This is a fairly late-stage embryo of E. rowelli, the same guy waving its chubby leggies at you in the right-hand photo above. The green dots are cells that were copying their DNA when the baby was killed (all of the pictures below are from Mayer et al., of course):

These are younger embryos of the same species, with all their DNA labelled in blue and dividing cells labelled in red:

And these are embryos of another species from the same family as the unidentified guy from Wikipedia (colours are the same as above):

Seriously, there is something about the mystical glow of these images that always gets me. I think you could make almost anything look beautiful with a fluorescent marker and the right equipment. I know aesthetic appeal isn’t the primary aim of scientific imaging, but damn. Look at those alien creatures glowing with the light of the unknown.

In case you wondered, the point of the paper is that velvet worms lack a posterior growth zone. That means that when they develop their numerous segments, there isn’t a well-defined pool of cells at the rear of the embryo that divide to generate segment material. As you can see in all the red glow, cell division happens evenly all over the place. Why is this significant? Well, posterior growth zones were thought to be one of the characteristics that segmented animals might have inherited from their common ancestor. But Mayer and colleagues point out that the existence of a PGZ in the arthropod ancestor is dubious at best, and velvet worms (one of the closest living relatives of arthropods) also lack one, so maybe it’s kind of wrong to use the PGZ as an argument for the common ancestry of segmentation.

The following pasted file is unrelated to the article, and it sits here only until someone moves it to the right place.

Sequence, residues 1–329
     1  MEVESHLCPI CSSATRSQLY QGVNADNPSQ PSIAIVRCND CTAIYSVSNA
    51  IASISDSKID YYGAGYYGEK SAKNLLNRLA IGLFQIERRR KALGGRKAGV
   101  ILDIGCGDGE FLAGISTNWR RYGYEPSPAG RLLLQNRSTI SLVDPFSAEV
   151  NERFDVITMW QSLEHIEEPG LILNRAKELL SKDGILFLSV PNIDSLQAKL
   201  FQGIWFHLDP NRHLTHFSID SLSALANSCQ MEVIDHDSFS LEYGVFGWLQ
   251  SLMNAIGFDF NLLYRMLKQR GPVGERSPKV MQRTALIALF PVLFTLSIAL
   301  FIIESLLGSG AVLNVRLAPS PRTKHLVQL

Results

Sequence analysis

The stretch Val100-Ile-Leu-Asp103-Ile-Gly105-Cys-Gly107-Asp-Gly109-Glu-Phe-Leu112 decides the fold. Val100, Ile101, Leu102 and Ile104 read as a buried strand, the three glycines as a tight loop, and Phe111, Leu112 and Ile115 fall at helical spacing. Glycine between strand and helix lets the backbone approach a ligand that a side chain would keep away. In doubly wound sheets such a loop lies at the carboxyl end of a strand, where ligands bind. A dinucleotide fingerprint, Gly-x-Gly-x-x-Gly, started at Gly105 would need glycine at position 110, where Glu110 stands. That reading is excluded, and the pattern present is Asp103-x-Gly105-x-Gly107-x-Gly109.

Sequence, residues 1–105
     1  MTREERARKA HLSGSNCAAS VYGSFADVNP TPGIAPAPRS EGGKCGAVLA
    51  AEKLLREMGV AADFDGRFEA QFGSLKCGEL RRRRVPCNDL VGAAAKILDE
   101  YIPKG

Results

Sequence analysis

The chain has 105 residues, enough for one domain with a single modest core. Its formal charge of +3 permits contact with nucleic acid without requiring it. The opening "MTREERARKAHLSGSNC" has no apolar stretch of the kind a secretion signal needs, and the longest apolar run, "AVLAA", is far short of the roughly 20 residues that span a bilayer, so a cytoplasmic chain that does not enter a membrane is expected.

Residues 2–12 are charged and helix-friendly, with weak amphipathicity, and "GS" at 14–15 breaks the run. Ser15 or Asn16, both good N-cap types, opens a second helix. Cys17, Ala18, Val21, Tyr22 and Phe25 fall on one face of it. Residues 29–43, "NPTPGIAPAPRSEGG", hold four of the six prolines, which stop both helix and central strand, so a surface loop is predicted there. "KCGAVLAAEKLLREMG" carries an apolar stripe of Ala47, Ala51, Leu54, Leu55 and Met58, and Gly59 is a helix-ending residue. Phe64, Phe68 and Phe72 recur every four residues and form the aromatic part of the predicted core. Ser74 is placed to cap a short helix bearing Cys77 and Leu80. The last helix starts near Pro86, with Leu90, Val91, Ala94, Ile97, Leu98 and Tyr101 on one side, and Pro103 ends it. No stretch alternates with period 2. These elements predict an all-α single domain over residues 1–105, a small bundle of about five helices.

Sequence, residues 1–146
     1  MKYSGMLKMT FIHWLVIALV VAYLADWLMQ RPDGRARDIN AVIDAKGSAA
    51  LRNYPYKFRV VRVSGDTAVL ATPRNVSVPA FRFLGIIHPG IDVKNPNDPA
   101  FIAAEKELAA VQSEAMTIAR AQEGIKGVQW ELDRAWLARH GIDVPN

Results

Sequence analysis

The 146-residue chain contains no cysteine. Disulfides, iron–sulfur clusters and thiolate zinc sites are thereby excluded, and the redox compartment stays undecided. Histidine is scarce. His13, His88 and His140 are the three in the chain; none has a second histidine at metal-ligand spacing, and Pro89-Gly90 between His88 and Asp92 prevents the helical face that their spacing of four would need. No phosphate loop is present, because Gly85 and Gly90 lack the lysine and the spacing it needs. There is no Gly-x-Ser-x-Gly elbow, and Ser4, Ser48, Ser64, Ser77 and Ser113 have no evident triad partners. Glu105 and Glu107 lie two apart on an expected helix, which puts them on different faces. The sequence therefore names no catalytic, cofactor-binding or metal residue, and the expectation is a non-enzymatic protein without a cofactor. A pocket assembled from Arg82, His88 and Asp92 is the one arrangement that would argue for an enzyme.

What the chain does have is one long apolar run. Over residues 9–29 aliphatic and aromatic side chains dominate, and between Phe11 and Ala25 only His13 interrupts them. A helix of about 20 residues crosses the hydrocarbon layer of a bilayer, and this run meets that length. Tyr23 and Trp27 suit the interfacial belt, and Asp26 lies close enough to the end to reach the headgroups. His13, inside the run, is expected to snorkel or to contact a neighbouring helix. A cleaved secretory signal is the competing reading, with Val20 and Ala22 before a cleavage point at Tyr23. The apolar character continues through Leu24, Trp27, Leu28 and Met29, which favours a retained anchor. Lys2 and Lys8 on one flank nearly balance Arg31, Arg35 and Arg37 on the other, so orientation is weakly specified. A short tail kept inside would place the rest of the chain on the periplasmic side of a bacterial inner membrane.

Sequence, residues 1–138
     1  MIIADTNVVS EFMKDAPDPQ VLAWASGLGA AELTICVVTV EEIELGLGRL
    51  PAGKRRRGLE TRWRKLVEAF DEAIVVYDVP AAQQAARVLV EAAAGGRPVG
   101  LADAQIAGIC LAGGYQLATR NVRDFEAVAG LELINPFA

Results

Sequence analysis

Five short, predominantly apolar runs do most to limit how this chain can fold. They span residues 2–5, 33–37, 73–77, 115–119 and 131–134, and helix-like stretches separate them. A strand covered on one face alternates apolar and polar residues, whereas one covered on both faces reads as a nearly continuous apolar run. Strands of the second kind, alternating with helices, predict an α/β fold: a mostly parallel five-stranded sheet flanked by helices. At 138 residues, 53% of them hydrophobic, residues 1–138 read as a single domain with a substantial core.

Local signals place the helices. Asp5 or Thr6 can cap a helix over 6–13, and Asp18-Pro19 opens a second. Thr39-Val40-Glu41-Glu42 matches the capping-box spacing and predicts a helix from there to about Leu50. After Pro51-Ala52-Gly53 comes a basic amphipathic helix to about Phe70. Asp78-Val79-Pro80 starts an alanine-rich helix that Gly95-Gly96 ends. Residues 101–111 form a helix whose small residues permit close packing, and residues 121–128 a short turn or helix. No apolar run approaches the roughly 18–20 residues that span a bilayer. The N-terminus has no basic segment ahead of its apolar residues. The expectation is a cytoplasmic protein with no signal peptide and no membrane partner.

(There, that’s the science in a nutshell. Now I’ll just go back and admire the pretty glowy pictures some more :D)


Mayer G et al. (2010) Growth patterns in Onychophora (velvet worms): lack of a localised posterior proliferation zone. BMC Evolutionary Biology 10:339

Goin’ a-hunting

It’s a little-known fact that before/in between wanting to be a biologist, I almost got sucked into astronomy. The cosmos still fascinates me, from the menagerie of space rocks and gas balls that fill our own solar system to the mysteries at the edge of the known universe. To the evolutionist in me, the possibility of life on other worlds is an especially tantalising idea. And now we are finding other worlds at a breakneck pace. I don’t think we will ever know what life is like on any of them, though detecting its existence may once become possible.

Did I mention planet hunting is awesome?

I am talking about the citizen science project Planet Hunters, of course. This is only one of the amazing projects you can participate in at the Zooniverse (which gets its name from Galaxy Zoo, the project that started it all). The main mission of Planet Hunters is, of course, to find planets orbiting other stars. You, the user have to look at a month’s worth of brightness measurements from a star, and search for the tell-tale dips that betray an extra-solar eclipse. Like this: